The question whether natural gas as a climate solution may finally be laid to rest.
A brand new, comprehensive study of methane leaks published in the journal Science, has concluded that “natural gas could warm the planet as much as coal in the short term.”
Findings of the 24-author study found that if a coal-fired plant is replaced with a gas-fire plant there is no net climate benefit for at least two decades.
The study also shows that methane emissions from U.S. oil and gas operations are actually 60 percent higher than previous estimates from the federal government.
Leader researcher Anthony Marchese, a professor of mechanical engineering at Coloroa State University, lead a team that spent months on the road for the study, visiting over 100 oil and gas sites in 13 states. During their travels Marchese and his team observed an “abnormal operating state”, such as a natural gas spewing from one of the condensate tanks, at 20 percent of the facilities they visited.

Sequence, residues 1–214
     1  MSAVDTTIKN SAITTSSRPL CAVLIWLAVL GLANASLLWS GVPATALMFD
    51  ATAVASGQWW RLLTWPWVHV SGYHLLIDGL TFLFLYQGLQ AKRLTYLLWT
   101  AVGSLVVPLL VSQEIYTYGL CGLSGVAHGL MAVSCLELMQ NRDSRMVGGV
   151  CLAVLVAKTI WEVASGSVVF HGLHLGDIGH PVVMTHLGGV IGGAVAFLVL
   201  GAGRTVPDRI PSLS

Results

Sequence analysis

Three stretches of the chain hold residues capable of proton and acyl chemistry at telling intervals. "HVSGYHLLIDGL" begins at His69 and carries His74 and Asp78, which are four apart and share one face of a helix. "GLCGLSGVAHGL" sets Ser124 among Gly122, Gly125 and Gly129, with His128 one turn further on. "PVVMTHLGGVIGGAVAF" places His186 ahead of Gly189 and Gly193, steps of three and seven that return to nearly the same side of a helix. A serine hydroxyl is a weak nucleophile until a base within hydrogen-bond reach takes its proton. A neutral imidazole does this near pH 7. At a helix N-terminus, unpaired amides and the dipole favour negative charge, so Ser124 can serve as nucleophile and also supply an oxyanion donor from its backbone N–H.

Natural gas, which has been considered to be “cleaner” than coal, is mostly methane, a dangerous greenhouse gas, and traps 86 times as much heat as CO2 over a 20-year period. Recent studies have shown that even a very small leakage rate of methane from the natural gas supply chain can have a very large climate impact.
The Environmental Defense Fund took Marchese’s data and, combined with data from more than 100 other independent researchers, found that the methane leak rate is around 2.3 percent of total yearly U.S. gas production – enough to power 10 million homes for an entire year.
As ThinkProgress pointed out, many studies have found that leakage rates are not small at all, especially as fracking becomes more popular. A study released in November found that methane emissions escaping just from the state of New Mexico are “equivalent to the climate impact of approximately 12 coal-fired power plants.”
Another study on methane emissions found that “produce radiative forcing over a 20-year time horizon comparable to the CO2 from natural gas combustion,” meaning that natural gas plants and coal plants produce relatively the same impact on total warming over a 20 year period.